What sorts of requirements did you have in your consideration to say yes, be it something about the script or the logistics of shooting?
I had massive life elements to consider [before saying yes]. We were moving houses, Matthew [Rhys] was away shooting Perry Mason. I had to figure out who’s gonna move the house if I’m not here. And does that mean people are gonna touch my things? Who is going to walk Sam home from school if I’m not here on that Wednesday, or whatever? But I just said, “I’m taking it because this fun doesn’t come my way that often.” It’s so rare that I actually want to do something, I spend most of my life going, “Oh, no, I don’t want to do that.”
Your concern over having to outsource a move reminds me of Kate’s difficulties getting used to all of the services at the ambassador’s house — staff packing for her and whatnot…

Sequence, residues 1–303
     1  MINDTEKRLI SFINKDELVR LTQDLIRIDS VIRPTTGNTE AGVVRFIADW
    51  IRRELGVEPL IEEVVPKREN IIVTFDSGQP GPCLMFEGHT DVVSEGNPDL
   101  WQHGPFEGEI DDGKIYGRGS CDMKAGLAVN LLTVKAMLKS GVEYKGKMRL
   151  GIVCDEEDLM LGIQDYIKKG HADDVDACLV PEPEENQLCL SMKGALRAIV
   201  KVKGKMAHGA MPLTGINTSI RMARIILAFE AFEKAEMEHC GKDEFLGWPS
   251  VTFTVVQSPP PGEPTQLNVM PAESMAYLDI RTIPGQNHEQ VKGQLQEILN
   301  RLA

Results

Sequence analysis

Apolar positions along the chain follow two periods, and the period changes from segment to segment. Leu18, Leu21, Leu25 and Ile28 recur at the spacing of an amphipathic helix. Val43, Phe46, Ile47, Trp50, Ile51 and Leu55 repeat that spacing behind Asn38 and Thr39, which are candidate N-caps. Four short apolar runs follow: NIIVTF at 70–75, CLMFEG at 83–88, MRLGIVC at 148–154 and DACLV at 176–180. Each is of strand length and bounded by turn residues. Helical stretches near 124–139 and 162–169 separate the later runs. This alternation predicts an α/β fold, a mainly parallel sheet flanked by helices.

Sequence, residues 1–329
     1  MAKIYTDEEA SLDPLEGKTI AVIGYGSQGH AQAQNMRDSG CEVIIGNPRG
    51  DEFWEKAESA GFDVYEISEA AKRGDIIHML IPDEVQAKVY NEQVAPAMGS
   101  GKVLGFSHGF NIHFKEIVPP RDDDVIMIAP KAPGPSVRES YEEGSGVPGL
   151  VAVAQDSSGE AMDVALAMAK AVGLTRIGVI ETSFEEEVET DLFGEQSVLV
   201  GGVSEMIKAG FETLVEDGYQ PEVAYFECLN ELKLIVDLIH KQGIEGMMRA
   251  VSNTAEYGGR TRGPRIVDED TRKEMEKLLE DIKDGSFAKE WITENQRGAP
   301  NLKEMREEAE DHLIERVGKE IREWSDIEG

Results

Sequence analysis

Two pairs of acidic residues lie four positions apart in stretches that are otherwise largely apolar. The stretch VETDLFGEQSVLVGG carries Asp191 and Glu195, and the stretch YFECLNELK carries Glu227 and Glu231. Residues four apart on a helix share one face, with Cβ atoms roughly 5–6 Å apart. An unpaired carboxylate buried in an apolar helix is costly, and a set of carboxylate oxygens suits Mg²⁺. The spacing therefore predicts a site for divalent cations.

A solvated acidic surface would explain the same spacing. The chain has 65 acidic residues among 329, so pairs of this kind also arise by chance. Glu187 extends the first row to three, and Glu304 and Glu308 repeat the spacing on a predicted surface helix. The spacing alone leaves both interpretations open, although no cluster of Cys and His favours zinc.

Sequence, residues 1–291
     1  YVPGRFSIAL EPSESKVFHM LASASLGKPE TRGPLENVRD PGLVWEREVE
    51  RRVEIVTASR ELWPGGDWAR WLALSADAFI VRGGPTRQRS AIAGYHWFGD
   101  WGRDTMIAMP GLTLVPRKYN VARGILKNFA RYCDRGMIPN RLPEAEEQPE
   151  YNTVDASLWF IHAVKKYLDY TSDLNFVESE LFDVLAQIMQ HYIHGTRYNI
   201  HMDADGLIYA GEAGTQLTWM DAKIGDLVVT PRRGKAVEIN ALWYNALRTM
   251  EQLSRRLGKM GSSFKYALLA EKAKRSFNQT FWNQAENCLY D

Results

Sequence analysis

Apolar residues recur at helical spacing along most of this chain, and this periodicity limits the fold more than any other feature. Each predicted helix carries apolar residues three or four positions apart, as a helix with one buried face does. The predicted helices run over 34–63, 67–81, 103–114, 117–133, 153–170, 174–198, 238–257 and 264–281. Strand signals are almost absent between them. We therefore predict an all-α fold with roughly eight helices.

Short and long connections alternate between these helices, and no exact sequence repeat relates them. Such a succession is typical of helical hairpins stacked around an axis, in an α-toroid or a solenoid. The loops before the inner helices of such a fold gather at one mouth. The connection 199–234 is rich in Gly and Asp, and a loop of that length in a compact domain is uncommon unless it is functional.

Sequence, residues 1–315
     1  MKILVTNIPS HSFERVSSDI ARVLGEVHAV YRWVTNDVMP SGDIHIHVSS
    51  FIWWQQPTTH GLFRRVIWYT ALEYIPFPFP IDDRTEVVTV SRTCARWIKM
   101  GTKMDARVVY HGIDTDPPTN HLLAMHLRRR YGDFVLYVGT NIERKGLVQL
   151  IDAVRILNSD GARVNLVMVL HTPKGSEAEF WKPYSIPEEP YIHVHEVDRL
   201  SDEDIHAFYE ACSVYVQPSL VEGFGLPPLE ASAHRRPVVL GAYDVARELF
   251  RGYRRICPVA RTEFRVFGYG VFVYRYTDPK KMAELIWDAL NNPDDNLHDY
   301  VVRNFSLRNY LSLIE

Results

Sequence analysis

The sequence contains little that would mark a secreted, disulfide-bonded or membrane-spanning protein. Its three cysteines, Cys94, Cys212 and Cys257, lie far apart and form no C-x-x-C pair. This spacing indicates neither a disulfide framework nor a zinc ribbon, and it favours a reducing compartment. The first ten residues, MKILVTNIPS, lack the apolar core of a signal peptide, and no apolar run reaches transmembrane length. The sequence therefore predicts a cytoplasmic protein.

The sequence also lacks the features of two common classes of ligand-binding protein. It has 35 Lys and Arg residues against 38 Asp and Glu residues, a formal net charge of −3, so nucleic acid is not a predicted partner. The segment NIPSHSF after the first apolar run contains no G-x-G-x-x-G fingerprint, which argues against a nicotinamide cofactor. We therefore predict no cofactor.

I like to be in control of my things like her. Also, like Kate, I have a uniform. The whole past season, I would wear the same cream pants and cream sweatshirt. Debora would be like, “Oh there you are again.” One of the directors ask me if I had five of that same outfit or just the one. I’m like, “this is it!” But I barely wear it, because I immediately get into wardrobe, and then I wear it when I’m having my beer and going home.
The marriage dynamic is really key to the show. Had you worked with Rufus Sewell beforehand, or were you familiar with his character in The Holiday, which comes to mind as a similarly antagonist romance?